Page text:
With the year 2017, the calendar of historical commemoration days offers the opportunity to commemorate the 500th anniversary of the publication of Martin Luther's theses. Traditionally, it stands for an epoch called the “Reformation”, which in Europe's self-image is often characterized as the turn of an era: In the long term, it has, among other things, promoted a surge of individualisation, rationalisation and secularisation (Max Weber).
If one refrains from an affirming historiography, this “turn of an era” in the European long-term memory can also be interpreted with good reasons as a kind of ambivalent modernisation crisis. It presents itself as a long phase marked by fundamentalism and the confrontation with religious deviance, which, among other things, profoundly changed the relationship to the most important religiously different group up to that time, the Jews. This phase, tied up with events, extends at least from the burning of the Czech reformers Jan Hus and Jerome of Prague (1416) at the Council of Constance to the outbreak of the Thirty Years' War in 1618, at the end of which there was a European peace of exhaustion (“Peace of Westphalia” 1648), which contributed substantially to the foundation of modern international law, a new understanding of the state and a changed relationship between nation, religion and politics. The long phase from 1416 through 1517 to 1618 was marked by an explosive combination of religion, politics and social dynamics. As a transformation phase, it deserves a thorough analysis with regard to its social, religious and political conditions. The “heretic Luther” (Volker Reinhardt) and the epochal year 1517 therefore stand not only for the aforementioned impulse for modernization, but also for the ambivalence of this phase of religious, social and national differentiation with serious consequences for the entire world – also beyond Luther's reach.
Thus, the Reformation can be understood as an element of a profound religious, political and social crisis, to which not only Luther, the Reformers and the Protestant authorities responded by disciplining, excluding and criminalizing those of different faith, people with other ideas and dissenters, but also large sections of society. In most cases, these phenomena were subsumed by research under the concept of “confessionalization”. The combination of religious reform, denominationalization, social discipline and state modernization, as understood by this concept, strengthened in the long term some tendencies that had already existed before the Reformation. In this respect, the Reformation also intensified and generated conflicts and crisis-like phenomena, which were reflected in the persecution of deviant behaviour by authorities/state and population. In addition to Jews, examples of this are religious minorities and marginalised social groups who were labelled, marginalised and persecuted as “sects”, “witches”, “vagrants”, “beggars” and “gypsies”. A closer look at the world beyond the great personalities of the history of the Reformation, which is less often told, but which has increasingly come into focus in recent years, is worthwhile. The lecture series therefore focuses on this alternative narrative of the Reformation as a complex and crisis-ridden period of transformation in European society. On the one hand, it focuses on the long development before the event of 1517, which did not necessarily lead to the Reformation: Conciliarism, humanism and the Renaissance as movements which, by drawing on a past imagined as exemplary, laid the foundations not only for reforms and educational movements, but also for religious fundamentalism, persecution of marginalised groups, heterodox movements and obscurantism. For example, the interreligious dimension of eschatological concepts deserves special attention in its catalytic links with social revolutionary impulses from the Dolcinites to the Anabaptists. Likewise, mysticism comes into view as an amalgam of diffuse social, religious and political concerns and, last but not least, as a precondition of Luther. The ambivalence of dealing, for example, with the Jewish heritage of the Christian religion, from the irenian efforts of an Erasmus of Rotterdam to the anti-Jewish inflammatory writings of Martin Luther, is just as much a part of this as the instrumental separation of politics and religion. The focus, however, should not be on the great and well-known personalities, but rather on less or even largely unknown figures who nevertheless belong to the character of the transformation phase: Political and religious thinkers, whose position as the voice of reason remained silent in the din of power struggles. Actors in the local context who failed with their concerns, but who are nevertheless worthy of attention. Or the women who have only come to the fore in recent decades, who – whether as propagators of the Reformation or as nuns from dissolved monasteries – faced extraordinary challenges and made an almost invisible contribution to transformation. Finally also movements that on the one hand led to escapism, mysticism and esotericism, but on the other hand developed a dynamic that in its long-term significance only becomes clear in distancing retrospect.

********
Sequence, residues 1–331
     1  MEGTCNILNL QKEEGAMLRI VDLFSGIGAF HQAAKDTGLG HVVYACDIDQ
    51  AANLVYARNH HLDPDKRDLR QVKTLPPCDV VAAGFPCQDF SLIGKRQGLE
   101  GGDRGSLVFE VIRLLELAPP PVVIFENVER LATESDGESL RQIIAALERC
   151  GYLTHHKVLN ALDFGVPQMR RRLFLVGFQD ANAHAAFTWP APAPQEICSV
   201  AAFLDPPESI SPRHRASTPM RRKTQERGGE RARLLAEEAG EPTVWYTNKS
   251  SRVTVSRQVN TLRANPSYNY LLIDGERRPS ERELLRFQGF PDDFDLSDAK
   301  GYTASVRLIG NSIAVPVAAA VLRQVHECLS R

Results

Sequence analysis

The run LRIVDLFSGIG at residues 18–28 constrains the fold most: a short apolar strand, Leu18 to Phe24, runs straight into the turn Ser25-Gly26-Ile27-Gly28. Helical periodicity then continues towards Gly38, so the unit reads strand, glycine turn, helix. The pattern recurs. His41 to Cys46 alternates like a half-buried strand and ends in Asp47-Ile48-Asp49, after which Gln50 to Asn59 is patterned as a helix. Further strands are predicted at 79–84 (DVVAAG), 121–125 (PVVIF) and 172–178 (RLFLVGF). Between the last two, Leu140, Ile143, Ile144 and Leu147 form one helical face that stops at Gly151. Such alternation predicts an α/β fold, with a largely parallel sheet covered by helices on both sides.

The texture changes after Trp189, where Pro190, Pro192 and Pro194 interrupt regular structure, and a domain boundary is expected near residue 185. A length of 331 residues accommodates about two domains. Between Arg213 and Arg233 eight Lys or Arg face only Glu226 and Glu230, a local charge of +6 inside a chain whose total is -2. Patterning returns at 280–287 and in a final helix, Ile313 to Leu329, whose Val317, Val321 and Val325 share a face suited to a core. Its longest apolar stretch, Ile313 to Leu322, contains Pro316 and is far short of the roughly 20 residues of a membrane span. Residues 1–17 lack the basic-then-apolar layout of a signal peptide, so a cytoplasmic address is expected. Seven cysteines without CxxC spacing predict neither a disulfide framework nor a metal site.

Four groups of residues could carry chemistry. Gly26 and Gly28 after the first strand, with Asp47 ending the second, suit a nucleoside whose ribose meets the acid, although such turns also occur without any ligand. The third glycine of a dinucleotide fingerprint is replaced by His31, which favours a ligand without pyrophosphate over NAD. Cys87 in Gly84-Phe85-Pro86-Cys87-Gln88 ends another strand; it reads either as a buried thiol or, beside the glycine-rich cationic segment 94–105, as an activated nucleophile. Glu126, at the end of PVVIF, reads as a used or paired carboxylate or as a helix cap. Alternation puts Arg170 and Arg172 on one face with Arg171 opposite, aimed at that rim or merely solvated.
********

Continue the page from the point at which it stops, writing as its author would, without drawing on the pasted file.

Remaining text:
Time: Monday, 18:05-19:45
Location: S 1|03 123
To the program of the lecture series